Rivera: It wasn’t a bad reason. It’s just that we wanted to try something different. Our deal was up with them and they offered us less money. I said, “Dude, when you invest in a band that has give you eight years of their lives, we should go the other way. Not that way.” To me, the excuse about the Euro not being what it was is not my problem. I felt like we’re not going to do that. We’re just going to put it out on our own. The Ellefson thing is almost as good as doing it on our own. They at least take care of the packaging, which would have been a pain in the ass for us to do. Other than that, that’s the only reason why.

Rex_84: You played with Ellefson in Killing Machine. Did you know him before that?

Rivera: We toured together back in ’86. That’s the whole reason why. We toured with Megadeth in 1986. That was the “Remnants of War” tour and at that time they were touring on “Peace Sells” mind you. We’ve been friends since then. He produced half of “Multiples of Black” when I ran into him in ‘90s and then after that he started the F5 thing and we started to get into the year 2000-and-something and then the Killing Machine project came up. The guy that was in charge of Killing Machine at the time was asking about a rhythm section. I just reached out to Dave and asked him if he would be interested in this situation. He said, “Hell yeah!” He brought Jimmy DeGrasso along too, so we had the rhythm section from Megadeth. Of course, now he’s back in Megadeth and bigger than ever and started his label. He asked me if I wanted to join. Yeah, it’s a no-brainer. Let’s do this!

Rex_84: Juan Garcia also played in that band with you.

Rivera: Yeah, Juan Garcia from Agent Steel. That was kind of a super star band at the time.

Rex_84: Didn’t you perform live with Agent Steel?

Rivera: Masters of Metal. Me and Andrew. Andrew is on that as well. We did the one with them.

Rex_84: You also sang for Flotsam And Jetsam. What were you doing with that band?

Rivera: Basically, I was just filling in because Eric [A.K.] refused to do the tour they had gotten. The tour was already booked, so they didn’t want to cancel the tour and Metal Blade knew one guy who could probably do this. I had been on the road with Helstar at the time and they said James Rivera can do it. They called me and asked, “How do you feel about touring with Flotsam?” I said, “Are you serious?” They said Eric quit the band and blah, blah, blah, so I said, “Hell yeah, man!” That’s how that happened. I did the whole tour with them, but never got to record anything with them. That was the plan, but Eric came back, and that makes sense. He’s got a unique voice like me so it probably wouldn’t have been a good idea to do an album.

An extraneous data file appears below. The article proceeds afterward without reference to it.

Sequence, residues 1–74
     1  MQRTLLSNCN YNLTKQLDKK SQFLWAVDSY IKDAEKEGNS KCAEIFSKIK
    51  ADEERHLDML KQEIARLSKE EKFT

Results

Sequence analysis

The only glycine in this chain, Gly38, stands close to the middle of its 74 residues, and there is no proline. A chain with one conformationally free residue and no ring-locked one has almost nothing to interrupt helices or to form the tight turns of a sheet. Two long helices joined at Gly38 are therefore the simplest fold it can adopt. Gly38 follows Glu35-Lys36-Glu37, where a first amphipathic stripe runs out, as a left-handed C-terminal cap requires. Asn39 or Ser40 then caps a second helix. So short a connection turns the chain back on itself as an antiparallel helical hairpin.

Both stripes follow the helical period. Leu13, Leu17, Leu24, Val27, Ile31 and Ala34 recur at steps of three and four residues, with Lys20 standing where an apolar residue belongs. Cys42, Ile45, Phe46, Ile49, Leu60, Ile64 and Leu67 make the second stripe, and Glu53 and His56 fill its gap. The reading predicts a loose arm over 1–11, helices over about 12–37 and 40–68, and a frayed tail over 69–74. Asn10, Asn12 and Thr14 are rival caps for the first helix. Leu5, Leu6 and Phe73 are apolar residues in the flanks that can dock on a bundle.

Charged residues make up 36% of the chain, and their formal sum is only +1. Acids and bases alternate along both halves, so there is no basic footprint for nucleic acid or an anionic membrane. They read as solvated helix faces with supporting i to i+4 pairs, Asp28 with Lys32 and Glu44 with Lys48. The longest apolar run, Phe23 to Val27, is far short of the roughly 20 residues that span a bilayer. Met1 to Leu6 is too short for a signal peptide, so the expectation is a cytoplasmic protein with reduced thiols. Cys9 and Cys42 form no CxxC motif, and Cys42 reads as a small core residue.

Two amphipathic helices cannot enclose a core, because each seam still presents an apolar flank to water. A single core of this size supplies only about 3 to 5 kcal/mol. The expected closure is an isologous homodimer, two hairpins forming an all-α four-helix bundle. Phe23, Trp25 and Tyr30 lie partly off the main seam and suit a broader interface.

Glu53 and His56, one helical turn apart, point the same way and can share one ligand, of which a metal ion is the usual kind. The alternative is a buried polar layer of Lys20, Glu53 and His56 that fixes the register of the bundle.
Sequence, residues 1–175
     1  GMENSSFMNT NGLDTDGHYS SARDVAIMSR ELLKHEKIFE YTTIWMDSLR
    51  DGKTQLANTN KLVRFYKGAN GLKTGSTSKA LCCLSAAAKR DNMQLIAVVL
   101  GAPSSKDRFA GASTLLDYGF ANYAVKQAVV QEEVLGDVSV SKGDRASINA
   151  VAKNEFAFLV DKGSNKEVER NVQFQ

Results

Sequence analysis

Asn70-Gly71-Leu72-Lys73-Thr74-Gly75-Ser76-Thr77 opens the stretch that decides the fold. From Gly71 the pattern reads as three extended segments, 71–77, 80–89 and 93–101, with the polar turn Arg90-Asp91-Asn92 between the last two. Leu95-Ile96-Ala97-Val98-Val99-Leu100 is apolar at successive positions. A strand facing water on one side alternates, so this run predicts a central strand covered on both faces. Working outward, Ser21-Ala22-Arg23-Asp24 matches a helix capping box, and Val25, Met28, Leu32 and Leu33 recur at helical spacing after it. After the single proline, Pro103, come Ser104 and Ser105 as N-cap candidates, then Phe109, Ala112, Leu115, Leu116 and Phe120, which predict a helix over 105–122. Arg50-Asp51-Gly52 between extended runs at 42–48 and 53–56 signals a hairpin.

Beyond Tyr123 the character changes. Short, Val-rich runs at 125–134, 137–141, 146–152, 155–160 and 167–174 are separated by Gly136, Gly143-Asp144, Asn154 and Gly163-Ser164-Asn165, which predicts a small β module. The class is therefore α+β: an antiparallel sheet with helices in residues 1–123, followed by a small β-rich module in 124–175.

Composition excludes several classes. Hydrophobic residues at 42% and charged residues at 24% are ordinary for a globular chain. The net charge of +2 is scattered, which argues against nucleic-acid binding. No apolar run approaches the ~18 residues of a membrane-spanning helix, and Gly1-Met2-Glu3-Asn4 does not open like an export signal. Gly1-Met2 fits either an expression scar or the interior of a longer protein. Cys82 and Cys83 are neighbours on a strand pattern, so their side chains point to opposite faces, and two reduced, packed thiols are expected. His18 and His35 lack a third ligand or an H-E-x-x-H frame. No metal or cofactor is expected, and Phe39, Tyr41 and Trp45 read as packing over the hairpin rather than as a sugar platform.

Rex_84: There was a period of twelve years where Helstar was mostly on hiatus. What was going on during this period?

Rivera: I was doing other stuff. I was doing Destiny’s End, Seven Witches, Flotsam, Vicious Rumors, Killing Machine. 2006 was the twenty-year anniversary for “Remnants of War” and that’s how this brought back Larry [Barragan], Rob[Trevino], Jerry [Abarca]—almost the whole “Remnants of War” lineup. Once that happened, record deals started popping up. We headlined Keep It True and the next thing you know we’re back together. Here we are now.

Rex_84: Omen, another metal veteran, joins you on select dates on the “Texas Vampyric Summer Tour.” Have you played shows/toured with this group? Please talk about the decision to bring them on the road with you.

Rivera: We’ve known each other for years.

Rex_84: What’s next for Helstar? Do you have another tour or summer festivals lined up after this tour?

Rivera: We’ve got all of Florida next week. Then we go up to the East Coast, New York, Maryland and that area. Then we have a little bit of time off and then we do the Valley—Corpus [Christi] and McAllen. Then in October we do two shows with Trouble, which is going to be good for us, big. Immediately after that we do the West Coast—San Francisco and L.A. Then we are done with the U.S. except San Antonio and Houston. Then we’re planning everything for Europe in 2017.

Rex_84's avatar

An avid metal head for over twenty years, Darren Cowan has written for several metal publications and attended concerts throughout various regions of the U.S.